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Komboloi: The favorite stress reliever, pastime, and amulet in the Greek and Cypriot cultures. Komboloi, just a simple string of worry beads one falling on the other on the string as the player manipulates it with his/her hands but with a big tradition.
(Photo from www.tokompoloi52.com)
The etymology of the komboloi has two main versions. One version is that the word is derived from the word “kompologion” whose two composites are kombos (knot) + logos (selection), thus alluding to the step-by-step counting and selection of the beads as one plays with the string. The second (but less frequent) etymology derives from the two composites kombos (knot) + logos (say) and comes from the religious culture, as a short phrase meaning to count down the prayers. This is not random though.
The use of komboskini (from where the new kompoloi is supposed to have evolved according to the second etymological version) has been invented by the monks in the famous Mount Athos during their practice of praying when they used to tie knots to a string for each prayer they would say. However, contemporary kompoloi does not imply any religious references.
Good and original Kompoloi beads are made of natural materials including coral, amber or amber resin since it is largely considered that organic materials work and react better with the hands of the players than the nonorganic materials.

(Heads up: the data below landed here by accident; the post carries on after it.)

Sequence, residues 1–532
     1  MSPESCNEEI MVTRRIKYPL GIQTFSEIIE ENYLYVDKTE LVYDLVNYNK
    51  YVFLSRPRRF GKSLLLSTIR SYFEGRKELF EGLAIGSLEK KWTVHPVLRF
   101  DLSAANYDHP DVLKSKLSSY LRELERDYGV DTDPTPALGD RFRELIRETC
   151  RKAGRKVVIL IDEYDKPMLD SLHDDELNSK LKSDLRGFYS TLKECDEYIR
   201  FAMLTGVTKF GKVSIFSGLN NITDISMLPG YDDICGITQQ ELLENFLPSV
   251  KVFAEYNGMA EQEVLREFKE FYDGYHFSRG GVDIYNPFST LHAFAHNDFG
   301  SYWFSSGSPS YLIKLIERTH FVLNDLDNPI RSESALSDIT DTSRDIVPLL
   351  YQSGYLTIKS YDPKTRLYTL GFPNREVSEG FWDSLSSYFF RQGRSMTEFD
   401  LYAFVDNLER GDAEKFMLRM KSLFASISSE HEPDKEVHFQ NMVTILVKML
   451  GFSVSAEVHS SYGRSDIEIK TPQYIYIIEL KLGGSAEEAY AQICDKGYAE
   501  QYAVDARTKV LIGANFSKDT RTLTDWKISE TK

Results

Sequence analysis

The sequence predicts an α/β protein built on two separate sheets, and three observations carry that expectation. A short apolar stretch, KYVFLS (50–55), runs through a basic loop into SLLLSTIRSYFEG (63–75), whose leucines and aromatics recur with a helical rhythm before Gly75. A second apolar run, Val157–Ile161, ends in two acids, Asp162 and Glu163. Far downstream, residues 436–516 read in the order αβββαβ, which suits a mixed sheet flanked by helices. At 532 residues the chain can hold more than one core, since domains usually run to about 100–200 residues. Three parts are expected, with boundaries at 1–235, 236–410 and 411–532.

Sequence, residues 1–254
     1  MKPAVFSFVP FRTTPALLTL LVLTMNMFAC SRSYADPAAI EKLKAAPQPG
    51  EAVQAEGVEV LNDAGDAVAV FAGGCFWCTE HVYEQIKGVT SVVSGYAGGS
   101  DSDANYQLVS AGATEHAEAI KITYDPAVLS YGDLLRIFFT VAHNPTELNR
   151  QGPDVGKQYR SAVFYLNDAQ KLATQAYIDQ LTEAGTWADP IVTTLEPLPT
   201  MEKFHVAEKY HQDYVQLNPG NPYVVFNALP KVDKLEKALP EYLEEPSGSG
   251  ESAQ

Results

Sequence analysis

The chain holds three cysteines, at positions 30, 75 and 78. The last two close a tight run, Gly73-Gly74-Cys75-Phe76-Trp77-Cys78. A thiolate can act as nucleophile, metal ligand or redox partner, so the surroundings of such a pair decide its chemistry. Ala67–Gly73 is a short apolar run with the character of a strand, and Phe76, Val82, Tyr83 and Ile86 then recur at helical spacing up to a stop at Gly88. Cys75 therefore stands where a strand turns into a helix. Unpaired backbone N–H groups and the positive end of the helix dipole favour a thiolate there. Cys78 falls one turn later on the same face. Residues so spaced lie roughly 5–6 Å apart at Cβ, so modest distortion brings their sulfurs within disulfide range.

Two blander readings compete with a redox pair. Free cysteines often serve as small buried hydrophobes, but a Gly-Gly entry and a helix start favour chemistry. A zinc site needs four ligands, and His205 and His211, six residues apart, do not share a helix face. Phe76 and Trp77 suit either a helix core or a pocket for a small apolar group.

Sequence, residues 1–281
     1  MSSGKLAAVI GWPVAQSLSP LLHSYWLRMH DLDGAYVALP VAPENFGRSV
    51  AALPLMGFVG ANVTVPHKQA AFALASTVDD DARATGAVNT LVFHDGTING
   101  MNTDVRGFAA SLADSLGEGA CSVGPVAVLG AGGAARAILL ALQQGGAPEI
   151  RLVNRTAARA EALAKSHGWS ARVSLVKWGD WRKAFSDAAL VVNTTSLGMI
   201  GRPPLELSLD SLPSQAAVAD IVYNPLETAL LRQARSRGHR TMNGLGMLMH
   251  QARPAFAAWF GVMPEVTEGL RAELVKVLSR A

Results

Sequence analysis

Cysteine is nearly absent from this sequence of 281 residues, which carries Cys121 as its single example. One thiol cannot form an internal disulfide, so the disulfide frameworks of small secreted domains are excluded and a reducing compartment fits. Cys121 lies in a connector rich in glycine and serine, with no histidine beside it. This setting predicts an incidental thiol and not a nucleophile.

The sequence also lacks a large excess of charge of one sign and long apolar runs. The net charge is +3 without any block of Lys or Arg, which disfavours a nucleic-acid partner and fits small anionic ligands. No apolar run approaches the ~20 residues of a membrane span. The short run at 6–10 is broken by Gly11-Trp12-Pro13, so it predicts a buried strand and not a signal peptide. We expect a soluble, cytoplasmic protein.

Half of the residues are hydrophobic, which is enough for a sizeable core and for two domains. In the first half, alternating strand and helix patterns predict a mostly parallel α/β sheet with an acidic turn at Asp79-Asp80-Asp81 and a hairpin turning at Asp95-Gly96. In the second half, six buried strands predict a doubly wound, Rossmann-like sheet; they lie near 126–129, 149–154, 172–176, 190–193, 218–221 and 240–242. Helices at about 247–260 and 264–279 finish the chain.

When it comes to the uses of kompoloi, there are various ways to play and is mostly up to the user to decide which is the most relaxing way to use it. There is the quiet and the loud way which is the most common. However, kompoloi has also been used in the past as a musical organ accompanying “rebetiko” (old Greek urban music) and as part of a ritual in the wedding night in some communities.
In the past, it would be used exclusively by men and it would create a negative image if a woman was seen using it. As a sign of masculinity and of the everyday working man, you would only hear its clicking noises as beads were falling on each other, in kafeneia (cafes where only men go) and village squares in rural areas where men used to gather. Nowadays that both sexes use kompoloi, it would not be peculiar to see it at any possible place from student cafes to hotel receptions.
Kompoloi has extended its uses and its importance as an anxiolytic pastime has been given particular importance in today’s hectic times. Some people use it to fight stress away while others use it as a strong ally in the fight against smoking. Some others just use it because they like the sound and how the fingers glisten through the beads while some think it is a nice fashion statement to carry it around.
The most amazing thing about the culture of Kompoloi is that we now have the World Kompoloi Museum in Pelion which was established in 1998 by Mr. and Mrs. Evangelinos.
There, you can see and explore an amazing collection of kompoloi made from various kinds of materials including amber and mastic amber.